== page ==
The lessons of the 1990s, when millions of people were left without work due to the decline of the defense sector following the collapse of the Soviet Union, "have proven very convincingly the need for diversification of the economy, including at the level of individual defense enterprises," Pskezin noted.
Moreover, unlike the 1990s, managers in the military industry today are well-versed in market rules, "know how to sell and are interested in the production of competitive products." Many MIC enterprises have already accumulated a great deal of positive experience of conversion.
Effectively, the journalist suggested, chief among the ingredients for the realization of the conversion program is "the presence of political will. Without vanity or haste, the federal government has provided the sector with clear guidelines, sometimes even indicating those capabilities [for production in the civilian economy] which may be worth pursuing."
The country's defense industry, the official emphasized, "is prepared to make everything themselves," and in this sense, the government's program of import substitution has significantly expanded the MIC's conversion prospects.
Meanwhile, Pskezin suggested, "modernization in this sector will allow it to produce goods which comply with the quality standards of foreign analogues, or even surpass them."
Ultimately, he emphasized, the conversion of military industry could become the locomotive which drives the economy forward.
Citing companies that have already begun a successful conversion, Pskezin pointed to Roselectronica, a state-owned microelectronics company which, in addition to the production of hi-tech industrial products for the defense sector, is looking toward expanding its share among civilian markets as well. In the next three years, the holding plans to introduce a new, completely Russian-made smartphone and tablet.
Meanwhile, a Krasnogorsk plant, now part of the optics holding Schwabe, has been engaged in the export of camera lenses for nearly three years now. Kamaz, the Russian truck manufacturing giant, is working on several civilian initiatives, including self-driving trucks, all while continuing to make up the bulk of the military's vehicle fleet.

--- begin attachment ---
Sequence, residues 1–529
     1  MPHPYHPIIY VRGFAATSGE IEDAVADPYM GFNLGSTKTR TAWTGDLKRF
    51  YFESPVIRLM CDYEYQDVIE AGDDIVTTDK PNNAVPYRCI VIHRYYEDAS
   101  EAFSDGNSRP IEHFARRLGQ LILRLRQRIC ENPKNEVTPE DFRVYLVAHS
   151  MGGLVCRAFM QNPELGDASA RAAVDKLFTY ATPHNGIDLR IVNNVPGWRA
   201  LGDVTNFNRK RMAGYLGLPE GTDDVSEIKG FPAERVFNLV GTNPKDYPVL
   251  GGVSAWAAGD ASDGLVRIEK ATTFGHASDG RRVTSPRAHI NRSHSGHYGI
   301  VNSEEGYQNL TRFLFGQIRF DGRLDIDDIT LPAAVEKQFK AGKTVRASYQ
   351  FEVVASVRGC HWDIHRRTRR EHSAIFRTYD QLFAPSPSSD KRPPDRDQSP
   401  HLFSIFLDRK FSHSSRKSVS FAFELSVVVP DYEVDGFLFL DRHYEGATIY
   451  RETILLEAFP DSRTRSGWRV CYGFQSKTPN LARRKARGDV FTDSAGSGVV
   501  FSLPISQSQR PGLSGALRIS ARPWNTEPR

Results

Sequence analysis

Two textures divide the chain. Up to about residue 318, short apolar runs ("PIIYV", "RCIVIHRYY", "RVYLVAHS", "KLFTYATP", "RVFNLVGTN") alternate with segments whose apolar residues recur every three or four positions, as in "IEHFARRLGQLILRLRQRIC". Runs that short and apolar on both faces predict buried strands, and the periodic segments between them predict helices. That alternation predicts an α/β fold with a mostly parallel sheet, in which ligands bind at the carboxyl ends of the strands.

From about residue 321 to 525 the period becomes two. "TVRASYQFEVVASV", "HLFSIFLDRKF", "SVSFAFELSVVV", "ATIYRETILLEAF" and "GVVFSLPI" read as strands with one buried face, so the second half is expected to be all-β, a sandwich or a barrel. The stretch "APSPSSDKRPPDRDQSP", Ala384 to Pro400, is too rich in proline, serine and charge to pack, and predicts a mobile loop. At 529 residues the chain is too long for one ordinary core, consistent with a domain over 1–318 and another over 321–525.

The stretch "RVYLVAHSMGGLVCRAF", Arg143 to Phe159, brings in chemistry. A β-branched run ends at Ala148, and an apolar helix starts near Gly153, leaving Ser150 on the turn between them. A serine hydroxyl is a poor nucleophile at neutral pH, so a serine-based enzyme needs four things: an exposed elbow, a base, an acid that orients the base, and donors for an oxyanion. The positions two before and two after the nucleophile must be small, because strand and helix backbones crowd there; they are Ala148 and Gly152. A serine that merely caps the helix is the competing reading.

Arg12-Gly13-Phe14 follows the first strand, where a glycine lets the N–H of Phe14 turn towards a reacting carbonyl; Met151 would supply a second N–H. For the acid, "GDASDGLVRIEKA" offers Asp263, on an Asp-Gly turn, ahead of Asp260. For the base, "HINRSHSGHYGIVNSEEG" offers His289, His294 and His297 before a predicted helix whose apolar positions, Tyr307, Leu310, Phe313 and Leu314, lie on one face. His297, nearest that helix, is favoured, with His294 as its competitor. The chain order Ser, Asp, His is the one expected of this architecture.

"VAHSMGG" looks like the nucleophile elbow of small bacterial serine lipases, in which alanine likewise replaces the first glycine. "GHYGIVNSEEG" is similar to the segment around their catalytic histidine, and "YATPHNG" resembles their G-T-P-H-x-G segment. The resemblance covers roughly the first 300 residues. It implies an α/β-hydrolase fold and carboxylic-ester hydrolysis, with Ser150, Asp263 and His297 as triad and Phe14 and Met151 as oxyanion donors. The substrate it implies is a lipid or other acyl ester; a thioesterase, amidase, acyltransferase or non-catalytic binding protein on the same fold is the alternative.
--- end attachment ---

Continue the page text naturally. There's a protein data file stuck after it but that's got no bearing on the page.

The RT-Chemical Technologies and Composite Materials Holding says that it has plans to expand the production of civilian products for the aviation, space, land and water transport, energy and other industries up to 65% of its total production by the year 2020. In the meantime, Uralvagonzavod, the machine-building giant responsible for producing Russia's main battle tanks, is also expanding its civilian production capabilities, from railways to products for the Russian Ministry of Emergency Situations.
Meanwhile, Russian companies engaged in ensuring the country's defense in space are also expanding their civilian capabilities, with Information Satellite Systems Company engaged in civilian projects from communications to broadcasting, retransmission, geodesy and navigation.
All in all, Pskezin suggested, "we are only at the beginning of a massive, and hopefully successful, path of conversion for the Russian military-industrial complex. It's clear that with such a serious approach, the defense industry will not simply be getting by on the production of pots and pans," as it did in the 90s. "The time of high technologies for the production of civilian goods has arrived," the journalist concluded.